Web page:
The Muses in mythology

The Muses in mythology
by Sannion

On Mount Helicon, a rustic farmer named Hesiod was tending his sheep when some Nymphs who presided over a nearby oracular spring approached him, and “taught him a glorious song.” (Theogony 22-23) These Nymphs – called Muses – were the daughters of Zeus and Mnemosyne, and Hesiod tells us that they were nine in number.

This glorious song was probably Works and Days which, with his genealogical account of the Gods and the creation of the world Theogony, is one of the best-known works of Greek poetry, in fame second only to the Iliad and Odyssey of Homer. The Muses had kept their word, and though men far greater than Hesiod have passed into oblivion – heroes, kings, statesmen, priests, and generals – his name comes easily to our lips, for as long as we remember the Greeks, we will remember him. This is what the Muses bring to us – glorious song and longstanding memory among men.

Originally, the Muses were Nymphs who tended certain springs that were thought to give inspiration and prophecy. The most famous of these springs were Castalia, at the foot of Mount Parnassus, Aganippe and Hippocrene on Mount Helicon, and springs near the towns of Ascara and Thespiae. These springs became sanctuaries for the Muses, with temples and statues erected in their honor. There was an ancient festival held for them every five years, a musical competition which attracted the best players from all around. Their fame grew, and soon they were being honored in the schools of Athens, and in Sparta, where they inspired songs of battle. The Muses even came to be honored in Italy, with a sacred grove outside the Porta Capena – but the center of their cult remained in Boeotia: Pieria, near the foot of Mount Olympos, and especially Helicon, which in myth was often thought of as their special home.

The earliest sources are not specific when it comes to the exact number of Muses, and what their area of influence was. Homer sometimes speaks of one Muse, and then many. According to Pausanias, the giants Otus and Ephitaltes said that there were three Muses, whose names were Melete (meditation), Mneme (remembrance), and Aoide (song). Pierus, son of Magnes, was supposedly the first person to discover that there were nine Muses, and it was Hesiod who first supplies us with their names. But we would have to wait for some time to learn what each Muse presided over, for this was a late and artificial addition to their mythology – hence, no two poets seem to agree entirely on what those areas are.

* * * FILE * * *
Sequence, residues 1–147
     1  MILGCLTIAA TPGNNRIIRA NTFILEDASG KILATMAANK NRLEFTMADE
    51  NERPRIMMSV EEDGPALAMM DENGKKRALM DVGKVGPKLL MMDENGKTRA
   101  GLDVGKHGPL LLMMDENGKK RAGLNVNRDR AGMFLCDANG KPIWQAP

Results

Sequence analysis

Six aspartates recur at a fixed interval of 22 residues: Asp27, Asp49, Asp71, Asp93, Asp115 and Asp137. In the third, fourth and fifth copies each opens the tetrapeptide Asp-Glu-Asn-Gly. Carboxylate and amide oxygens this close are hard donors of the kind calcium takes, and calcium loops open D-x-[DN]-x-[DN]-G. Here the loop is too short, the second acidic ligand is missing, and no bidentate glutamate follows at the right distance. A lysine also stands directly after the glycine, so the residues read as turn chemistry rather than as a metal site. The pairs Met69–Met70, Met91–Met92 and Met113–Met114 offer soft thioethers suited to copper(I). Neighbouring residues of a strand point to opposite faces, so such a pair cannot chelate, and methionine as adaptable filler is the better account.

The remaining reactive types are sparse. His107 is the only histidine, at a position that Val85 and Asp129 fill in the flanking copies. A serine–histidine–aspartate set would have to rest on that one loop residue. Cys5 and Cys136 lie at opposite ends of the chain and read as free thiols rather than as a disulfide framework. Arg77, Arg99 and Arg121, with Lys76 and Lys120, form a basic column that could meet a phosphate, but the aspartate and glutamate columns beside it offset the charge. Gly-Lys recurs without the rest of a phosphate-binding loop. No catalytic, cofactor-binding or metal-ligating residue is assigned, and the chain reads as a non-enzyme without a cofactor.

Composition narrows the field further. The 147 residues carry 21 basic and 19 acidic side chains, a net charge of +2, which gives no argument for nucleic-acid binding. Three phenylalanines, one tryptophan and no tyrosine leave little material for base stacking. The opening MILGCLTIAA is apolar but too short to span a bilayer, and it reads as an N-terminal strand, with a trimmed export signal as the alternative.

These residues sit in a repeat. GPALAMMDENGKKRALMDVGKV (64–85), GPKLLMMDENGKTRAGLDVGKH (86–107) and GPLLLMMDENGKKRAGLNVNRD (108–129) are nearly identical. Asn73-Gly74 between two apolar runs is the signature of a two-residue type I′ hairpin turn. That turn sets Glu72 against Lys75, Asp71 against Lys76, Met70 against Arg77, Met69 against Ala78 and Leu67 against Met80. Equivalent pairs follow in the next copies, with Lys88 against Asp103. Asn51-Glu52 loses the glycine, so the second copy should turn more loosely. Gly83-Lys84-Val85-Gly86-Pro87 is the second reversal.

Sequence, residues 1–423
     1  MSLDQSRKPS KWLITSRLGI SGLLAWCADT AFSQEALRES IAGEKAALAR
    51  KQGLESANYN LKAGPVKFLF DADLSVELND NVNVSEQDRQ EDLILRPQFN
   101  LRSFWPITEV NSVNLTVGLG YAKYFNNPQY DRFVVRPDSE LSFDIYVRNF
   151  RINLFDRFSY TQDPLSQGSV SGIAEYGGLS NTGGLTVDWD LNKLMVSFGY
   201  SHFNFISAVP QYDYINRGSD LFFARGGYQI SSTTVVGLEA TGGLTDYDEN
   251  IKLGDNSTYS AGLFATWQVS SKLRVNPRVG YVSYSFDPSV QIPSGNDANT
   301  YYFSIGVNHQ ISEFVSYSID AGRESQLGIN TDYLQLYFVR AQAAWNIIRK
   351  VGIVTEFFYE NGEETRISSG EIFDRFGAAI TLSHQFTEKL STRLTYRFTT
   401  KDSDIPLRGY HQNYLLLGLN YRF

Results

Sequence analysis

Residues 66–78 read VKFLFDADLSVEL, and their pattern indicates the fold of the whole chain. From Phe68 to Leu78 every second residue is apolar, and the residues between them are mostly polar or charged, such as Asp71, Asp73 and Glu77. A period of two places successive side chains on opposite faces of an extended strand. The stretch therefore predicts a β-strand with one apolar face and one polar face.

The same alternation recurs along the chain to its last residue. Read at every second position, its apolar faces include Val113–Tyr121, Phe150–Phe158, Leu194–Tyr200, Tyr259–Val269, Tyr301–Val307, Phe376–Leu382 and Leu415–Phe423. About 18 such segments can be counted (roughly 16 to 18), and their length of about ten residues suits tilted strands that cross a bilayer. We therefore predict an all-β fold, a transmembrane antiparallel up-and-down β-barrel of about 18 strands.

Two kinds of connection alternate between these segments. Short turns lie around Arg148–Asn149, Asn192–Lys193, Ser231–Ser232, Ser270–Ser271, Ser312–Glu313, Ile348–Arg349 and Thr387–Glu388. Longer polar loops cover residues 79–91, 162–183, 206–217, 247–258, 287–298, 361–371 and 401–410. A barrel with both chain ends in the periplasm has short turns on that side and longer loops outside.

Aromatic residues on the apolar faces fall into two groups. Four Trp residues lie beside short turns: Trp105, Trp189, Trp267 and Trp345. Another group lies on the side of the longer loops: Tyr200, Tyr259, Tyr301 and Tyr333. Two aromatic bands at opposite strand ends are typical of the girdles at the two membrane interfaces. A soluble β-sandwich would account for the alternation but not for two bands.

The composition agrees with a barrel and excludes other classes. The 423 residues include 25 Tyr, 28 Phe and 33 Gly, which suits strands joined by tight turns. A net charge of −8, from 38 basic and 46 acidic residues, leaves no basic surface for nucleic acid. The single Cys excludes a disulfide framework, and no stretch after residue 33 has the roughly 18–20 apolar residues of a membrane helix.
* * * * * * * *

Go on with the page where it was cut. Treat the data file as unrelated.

But the most common associations run like this:

  • Caliope (fair-voiced), considered the noblest of the Muses, presides over epic song, and was pictured with a wax tablet and pen.
  • Clio (she that extols) is the Muse of history, and has a scroll.
  • Euterpe (she that gladdens) is the Muse of lyric song, and has a double flute.
  • Thalia (she that flourishes) is the Muse of comedy and bucolic poetry, with the comic mask, the ivy wreath, and the shepherd’s staff.
  • Melpomene (she that sings) is the Muse of tragedy, and has a tragic mask, ivy wreath, and attributes of hero she is inspiring a song about e.g. the club for Herakles or sword for Perseus.
  • Terpsichore (she that rejoices in the dance), is the Muse of dancing, with a lyre.
  • Erato (the lovely one), is the Muse of erotic poetry, with a smaller lyre.
  • Polymnia (rich in hymns), is the Muse of serious sacred songs, usually represented as veiled and pensive.
  • Urania (the heavenly), the Muse of astronomy, with the celestial globe.

Although the Muses started out as Nymphs associated with springs, they soon became full-fledged Goddesses, who sang on Olympos for the enjoyment of the Gods. They were early on associated with Dionysos, as god of poetry, and with Apollon, who was called Mousagetes, or “leader of the Muses.” They are often depicted in the company of the Charities and Graces, and Hesiod said that they could be found with Himeros as well.